Overall: 105 out of 180

Medal : Yes

Wasn't expecting a medal, so am very chuffed with this beauty!
Wasn’t expecting a medal, so am very chuffed with this beauty!

Yesterday I became an ultra runner.

At 4:50am my alarm went off and I got up after a very broken nights sleep. Once again my mind had been racing right up until I fell into a running filled dream – mostly dreaming I had forgotten something very important for the race! I forced down breakfast, had a shower, double and triple checked my drop bags and then paced around the house waiting for Kirsty to pick me up at 6am. My drop bags had been a big source of worry for me as this was the first race I had taken part in where I needed them. I had read plenty of blogs where runners have taken various means of fuel from bananas and crisps to full on meals of wraps and cups of tea! I decided to stick with things I thought would go down easily enough on the run and this is what I came up with….

Various means of getting the calories back in. None of which really to appealed to me on the day!
Various means of getting the calories back in. None of which really to appealed to me on the day!

6am came and Kirsty arrived with Andy and we began our 50 minute or so journey up to Strathyre. As the sun came up, we had various thoughts about the weather. The sky was bright but it was very cold and there was a low lying mist over the hills and fields. I thought it looked too nice to be true and then I started to worry about my choice of kit. I’m not a big fan of running in trousers so chose to wear shorts and calf sleeves. I knew that even though we’d be running for hours, it probably wouldn’t be at too fast a pace, so I thought layers were better to begin with and that I could lose them at check points if need be. So I decided to wear a t shirt under a long sleeved top with my club vest on top and then have my jacket attached to my bag, just in case it might rain (hah!) and then also my buff and gloves. Surely that lot would keep me warm enough?!

We arrived in Strathyre not long after 7am, met up with the rest of our friends from the club who were also running, registered, sorted out drop bags and went back and forth to the toilets for the next wee while. We were all summoned at about 7.50am for a pre-race briefing by Bill and Mike and then we walked en-masse across the main road to the starting point and the bottom of the trail. This was it. Definitely no turning back or pulling out now. I was about to venture past racing distances of 26.2 miles for the first time. I was about to become an ultra runner.

WCH (minus Andy) ready to enter the world of Ultra running! (Except George, he's been there already!)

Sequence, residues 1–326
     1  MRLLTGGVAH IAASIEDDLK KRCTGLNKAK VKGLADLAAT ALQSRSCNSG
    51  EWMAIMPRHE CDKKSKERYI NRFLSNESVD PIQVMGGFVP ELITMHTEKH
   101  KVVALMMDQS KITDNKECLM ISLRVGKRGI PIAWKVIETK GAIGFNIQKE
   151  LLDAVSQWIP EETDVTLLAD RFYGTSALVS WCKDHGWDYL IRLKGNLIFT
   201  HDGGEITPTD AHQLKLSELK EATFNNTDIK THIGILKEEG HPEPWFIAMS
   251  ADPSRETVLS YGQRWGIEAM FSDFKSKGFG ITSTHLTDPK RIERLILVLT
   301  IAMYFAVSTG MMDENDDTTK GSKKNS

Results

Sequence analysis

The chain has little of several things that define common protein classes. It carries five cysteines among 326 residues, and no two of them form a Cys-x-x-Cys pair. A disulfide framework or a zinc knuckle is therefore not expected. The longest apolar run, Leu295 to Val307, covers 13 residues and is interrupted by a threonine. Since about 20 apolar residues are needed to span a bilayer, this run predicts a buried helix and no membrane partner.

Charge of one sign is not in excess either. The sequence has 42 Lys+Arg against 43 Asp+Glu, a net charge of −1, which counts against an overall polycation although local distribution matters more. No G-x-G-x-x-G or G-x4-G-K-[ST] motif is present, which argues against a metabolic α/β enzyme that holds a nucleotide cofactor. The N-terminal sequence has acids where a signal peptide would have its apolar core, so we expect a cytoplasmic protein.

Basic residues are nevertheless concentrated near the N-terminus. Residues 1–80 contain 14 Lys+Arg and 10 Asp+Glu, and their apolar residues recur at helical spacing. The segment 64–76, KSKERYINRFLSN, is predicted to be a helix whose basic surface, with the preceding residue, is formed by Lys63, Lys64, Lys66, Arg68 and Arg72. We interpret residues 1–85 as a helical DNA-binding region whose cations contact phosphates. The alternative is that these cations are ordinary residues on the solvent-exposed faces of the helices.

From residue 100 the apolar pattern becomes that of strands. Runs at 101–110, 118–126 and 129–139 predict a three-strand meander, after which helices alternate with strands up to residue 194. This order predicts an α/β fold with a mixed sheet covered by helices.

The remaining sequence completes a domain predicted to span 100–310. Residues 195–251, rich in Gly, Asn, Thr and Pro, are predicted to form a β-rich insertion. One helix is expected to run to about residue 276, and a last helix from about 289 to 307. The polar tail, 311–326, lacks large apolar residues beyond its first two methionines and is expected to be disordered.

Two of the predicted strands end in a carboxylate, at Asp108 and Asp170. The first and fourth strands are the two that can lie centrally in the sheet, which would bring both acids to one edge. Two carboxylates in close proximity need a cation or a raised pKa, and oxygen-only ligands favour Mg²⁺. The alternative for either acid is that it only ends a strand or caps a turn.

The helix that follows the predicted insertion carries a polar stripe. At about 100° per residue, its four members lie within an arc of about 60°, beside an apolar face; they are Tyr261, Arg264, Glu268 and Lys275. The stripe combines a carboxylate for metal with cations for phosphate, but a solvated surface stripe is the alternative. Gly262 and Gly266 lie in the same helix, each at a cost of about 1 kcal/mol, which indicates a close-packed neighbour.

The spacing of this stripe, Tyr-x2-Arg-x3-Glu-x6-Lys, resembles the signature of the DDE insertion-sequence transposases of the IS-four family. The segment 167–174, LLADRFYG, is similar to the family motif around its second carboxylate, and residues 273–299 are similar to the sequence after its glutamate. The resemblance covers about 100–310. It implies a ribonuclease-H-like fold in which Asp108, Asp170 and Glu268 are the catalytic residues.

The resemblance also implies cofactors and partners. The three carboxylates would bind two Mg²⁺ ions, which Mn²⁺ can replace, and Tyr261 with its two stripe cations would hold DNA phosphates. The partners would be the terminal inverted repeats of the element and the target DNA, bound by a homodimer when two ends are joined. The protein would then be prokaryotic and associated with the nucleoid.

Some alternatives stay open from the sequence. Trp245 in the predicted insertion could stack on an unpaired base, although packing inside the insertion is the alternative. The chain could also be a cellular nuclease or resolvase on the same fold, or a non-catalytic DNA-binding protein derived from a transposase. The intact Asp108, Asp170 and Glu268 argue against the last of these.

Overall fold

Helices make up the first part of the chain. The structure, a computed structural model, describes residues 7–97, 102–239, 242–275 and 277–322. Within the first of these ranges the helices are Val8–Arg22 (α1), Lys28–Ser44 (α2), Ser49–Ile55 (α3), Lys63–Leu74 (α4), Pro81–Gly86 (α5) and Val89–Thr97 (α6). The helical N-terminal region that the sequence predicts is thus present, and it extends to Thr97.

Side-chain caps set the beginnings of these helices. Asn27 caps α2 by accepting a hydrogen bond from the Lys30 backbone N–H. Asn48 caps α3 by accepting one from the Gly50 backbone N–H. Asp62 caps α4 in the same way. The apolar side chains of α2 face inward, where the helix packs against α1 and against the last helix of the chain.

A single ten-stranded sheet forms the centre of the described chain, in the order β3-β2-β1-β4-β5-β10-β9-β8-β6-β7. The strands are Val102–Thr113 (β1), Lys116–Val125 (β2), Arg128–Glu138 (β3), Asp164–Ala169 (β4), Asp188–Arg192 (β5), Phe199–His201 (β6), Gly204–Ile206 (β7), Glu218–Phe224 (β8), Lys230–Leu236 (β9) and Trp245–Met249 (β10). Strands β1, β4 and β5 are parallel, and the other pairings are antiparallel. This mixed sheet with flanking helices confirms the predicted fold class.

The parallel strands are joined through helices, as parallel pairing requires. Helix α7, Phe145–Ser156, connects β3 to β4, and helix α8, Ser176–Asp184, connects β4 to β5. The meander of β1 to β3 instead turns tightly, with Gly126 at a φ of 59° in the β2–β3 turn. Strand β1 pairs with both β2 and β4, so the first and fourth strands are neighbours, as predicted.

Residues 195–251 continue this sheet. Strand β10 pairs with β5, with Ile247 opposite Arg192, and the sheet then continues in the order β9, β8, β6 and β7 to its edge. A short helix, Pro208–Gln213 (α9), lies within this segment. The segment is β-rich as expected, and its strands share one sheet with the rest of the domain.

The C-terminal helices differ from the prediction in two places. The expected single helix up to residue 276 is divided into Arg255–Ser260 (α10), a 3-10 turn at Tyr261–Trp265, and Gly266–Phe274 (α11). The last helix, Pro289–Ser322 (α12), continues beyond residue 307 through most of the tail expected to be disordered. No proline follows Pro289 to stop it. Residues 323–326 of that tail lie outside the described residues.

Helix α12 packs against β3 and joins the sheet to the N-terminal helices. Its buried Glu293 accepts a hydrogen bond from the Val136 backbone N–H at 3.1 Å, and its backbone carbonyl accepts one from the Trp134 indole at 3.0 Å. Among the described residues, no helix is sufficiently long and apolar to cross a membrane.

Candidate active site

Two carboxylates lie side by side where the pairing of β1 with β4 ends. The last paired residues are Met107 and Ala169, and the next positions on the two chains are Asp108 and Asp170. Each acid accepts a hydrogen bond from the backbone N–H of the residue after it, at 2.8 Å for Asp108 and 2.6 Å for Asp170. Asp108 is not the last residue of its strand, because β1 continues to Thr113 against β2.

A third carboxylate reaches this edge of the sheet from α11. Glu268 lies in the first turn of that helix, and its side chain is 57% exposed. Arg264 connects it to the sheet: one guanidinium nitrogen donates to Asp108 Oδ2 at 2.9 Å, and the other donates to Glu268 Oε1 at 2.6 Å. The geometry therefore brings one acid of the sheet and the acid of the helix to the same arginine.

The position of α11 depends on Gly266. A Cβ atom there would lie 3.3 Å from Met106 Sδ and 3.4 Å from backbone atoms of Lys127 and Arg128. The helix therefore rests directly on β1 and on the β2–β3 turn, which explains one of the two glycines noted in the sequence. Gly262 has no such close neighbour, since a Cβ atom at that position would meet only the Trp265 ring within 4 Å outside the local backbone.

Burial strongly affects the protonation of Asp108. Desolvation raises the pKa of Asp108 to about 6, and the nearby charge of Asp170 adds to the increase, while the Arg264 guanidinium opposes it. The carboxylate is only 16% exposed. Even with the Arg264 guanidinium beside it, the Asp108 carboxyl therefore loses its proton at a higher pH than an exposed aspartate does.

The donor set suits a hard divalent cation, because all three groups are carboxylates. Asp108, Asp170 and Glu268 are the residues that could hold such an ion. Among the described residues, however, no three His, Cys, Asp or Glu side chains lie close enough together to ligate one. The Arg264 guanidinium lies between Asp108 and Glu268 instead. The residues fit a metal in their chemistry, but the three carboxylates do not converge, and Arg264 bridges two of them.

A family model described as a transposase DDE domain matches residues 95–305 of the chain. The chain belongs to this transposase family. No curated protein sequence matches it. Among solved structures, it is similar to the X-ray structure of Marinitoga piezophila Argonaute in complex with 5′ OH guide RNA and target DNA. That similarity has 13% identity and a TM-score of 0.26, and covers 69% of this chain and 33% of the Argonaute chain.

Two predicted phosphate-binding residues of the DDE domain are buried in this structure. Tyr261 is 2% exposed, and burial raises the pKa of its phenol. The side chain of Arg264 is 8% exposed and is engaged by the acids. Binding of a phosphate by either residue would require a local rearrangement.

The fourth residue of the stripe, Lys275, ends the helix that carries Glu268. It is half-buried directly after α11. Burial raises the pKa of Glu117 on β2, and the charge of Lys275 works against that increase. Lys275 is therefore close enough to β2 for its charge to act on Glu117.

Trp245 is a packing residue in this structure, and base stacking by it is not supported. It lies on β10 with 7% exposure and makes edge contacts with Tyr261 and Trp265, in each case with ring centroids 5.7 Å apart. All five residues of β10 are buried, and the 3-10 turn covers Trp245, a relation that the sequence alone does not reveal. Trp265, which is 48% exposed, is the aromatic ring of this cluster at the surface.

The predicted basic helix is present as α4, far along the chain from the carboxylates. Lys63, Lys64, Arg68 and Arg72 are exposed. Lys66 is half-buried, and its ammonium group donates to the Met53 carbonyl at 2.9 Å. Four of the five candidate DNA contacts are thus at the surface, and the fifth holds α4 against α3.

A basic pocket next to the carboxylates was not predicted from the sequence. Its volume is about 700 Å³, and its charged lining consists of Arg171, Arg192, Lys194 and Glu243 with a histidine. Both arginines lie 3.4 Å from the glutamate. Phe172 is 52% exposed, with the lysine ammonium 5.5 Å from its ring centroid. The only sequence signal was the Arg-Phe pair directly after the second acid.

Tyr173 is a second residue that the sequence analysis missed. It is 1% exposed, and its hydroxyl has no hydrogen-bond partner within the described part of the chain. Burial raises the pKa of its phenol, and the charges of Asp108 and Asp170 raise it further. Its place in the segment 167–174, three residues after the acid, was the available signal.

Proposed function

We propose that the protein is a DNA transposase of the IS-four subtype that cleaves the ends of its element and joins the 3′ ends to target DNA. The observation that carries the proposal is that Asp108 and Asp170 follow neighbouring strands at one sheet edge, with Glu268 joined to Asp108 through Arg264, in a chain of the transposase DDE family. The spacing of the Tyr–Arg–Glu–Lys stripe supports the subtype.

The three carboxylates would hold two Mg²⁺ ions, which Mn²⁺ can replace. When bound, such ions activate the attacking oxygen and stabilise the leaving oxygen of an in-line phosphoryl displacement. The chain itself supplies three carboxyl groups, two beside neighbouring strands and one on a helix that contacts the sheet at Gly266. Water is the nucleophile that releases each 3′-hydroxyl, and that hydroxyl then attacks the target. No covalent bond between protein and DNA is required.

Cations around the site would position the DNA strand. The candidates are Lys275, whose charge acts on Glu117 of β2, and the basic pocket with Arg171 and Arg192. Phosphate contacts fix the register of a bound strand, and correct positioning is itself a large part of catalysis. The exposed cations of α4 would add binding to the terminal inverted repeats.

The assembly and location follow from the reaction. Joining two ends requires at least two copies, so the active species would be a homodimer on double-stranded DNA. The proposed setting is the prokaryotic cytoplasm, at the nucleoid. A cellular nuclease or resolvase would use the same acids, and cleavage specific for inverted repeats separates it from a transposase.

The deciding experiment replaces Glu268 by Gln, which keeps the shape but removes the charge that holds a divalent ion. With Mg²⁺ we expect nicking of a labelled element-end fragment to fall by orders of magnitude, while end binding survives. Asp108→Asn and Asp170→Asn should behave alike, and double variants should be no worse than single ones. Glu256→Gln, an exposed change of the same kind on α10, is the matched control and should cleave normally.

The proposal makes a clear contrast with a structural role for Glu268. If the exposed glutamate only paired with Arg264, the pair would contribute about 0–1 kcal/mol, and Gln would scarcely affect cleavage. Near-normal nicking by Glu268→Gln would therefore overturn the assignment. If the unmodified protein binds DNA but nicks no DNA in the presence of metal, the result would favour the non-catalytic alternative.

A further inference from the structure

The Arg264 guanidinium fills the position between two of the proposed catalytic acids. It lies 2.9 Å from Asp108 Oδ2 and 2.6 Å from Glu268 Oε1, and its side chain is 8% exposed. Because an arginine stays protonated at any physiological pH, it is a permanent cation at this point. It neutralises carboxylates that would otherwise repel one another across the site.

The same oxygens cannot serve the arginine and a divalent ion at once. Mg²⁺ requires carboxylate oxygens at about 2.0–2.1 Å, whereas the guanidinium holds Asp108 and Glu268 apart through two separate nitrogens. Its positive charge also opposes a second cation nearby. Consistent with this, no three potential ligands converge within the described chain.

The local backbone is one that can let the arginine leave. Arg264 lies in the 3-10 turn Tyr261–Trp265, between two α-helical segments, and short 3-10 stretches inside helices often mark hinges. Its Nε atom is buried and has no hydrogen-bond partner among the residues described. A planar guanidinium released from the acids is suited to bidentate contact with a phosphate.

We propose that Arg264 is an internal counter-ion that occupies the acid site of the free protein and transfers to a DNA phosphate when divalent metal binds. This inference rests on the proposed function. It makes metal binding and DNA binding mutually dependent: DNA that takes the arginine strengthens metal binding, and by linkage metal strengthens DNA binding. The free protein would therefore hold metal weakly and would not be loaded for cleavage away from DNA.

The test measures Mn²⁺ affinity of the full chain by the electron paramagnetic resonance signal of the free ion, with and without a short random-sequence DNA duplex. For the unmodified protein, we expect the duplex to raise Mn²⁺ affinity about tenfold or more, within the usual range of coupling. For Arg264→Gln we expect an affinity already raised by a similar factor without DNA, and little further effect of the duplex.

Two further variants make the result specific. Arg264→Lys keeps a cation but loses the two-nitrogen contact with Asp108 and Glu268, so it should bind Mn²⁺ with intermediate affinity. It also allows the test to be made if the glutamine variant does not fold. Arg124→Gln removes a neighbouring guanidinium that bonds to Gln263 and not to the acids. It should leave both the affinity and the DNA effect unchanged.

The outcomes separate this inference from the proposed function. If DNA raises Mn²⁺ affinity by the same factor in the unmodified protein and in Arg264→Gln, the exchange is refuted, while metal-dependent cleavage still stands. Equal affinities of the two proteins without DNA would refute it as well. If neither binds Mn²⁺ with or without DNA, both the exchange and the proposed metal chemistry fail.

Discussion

WCH (minus Andy) ready to enter the world of Ultra running! (Except George, he’s been there already!)
Kirsty and Catriona. Clearly ready to battle whatever this course throws at them.
Kirsty and Catriona. Clearly ready to battle whatever this course throws at them.

Before I knew it we were on our way. I had been too busy talking I hadn’t heard the race start! The first few miles go straight up a hill. I knew I’d have to pull back as I have a bad habit of setting off far too fast and burning out early, so we decided to stick to 10 minute miles for the first while and see how we got on. Before I knew it we had clocked up 2 miles and the first set of hills were over. I’d been concentrating so hard on what was going on around me and spotting various faces of bloggers/awesome ultra runners that I hadn’t been paying attention to my mileage. There was an awesome downhill section through the forest that went on for about 3 miles and we were again concious of pulling back and keeping our mile splits fairly even. We flew by the first drop point, not needing to pick anything up and I made sure I had a gel and a good amount of fluids as we plodded along the cycle track that runs alongside the main road down to Lochearnhead. Since the last time we had run this route, a lot of pine needles had fallen and the track was lovely and springy under foot. Just what we needed with so many miles still to cover and all the tarmac at the end! As we left Lochearnhead, the path took a very steep incline and Kirsty and I decided to power shuffle up it instead of running and Andy, looking strong powered on up it ahead. These zig-zags were steep and again I thought I didn’t want to burn out, so I held back until we reached the top of the hill and then it was a nice steady plod along the old railway which runs alongside the A85 and over the Glen Ogle viaduct. I had seen this countless time from the road when travelling north to tackle Munros, but running over it was a whole new experience!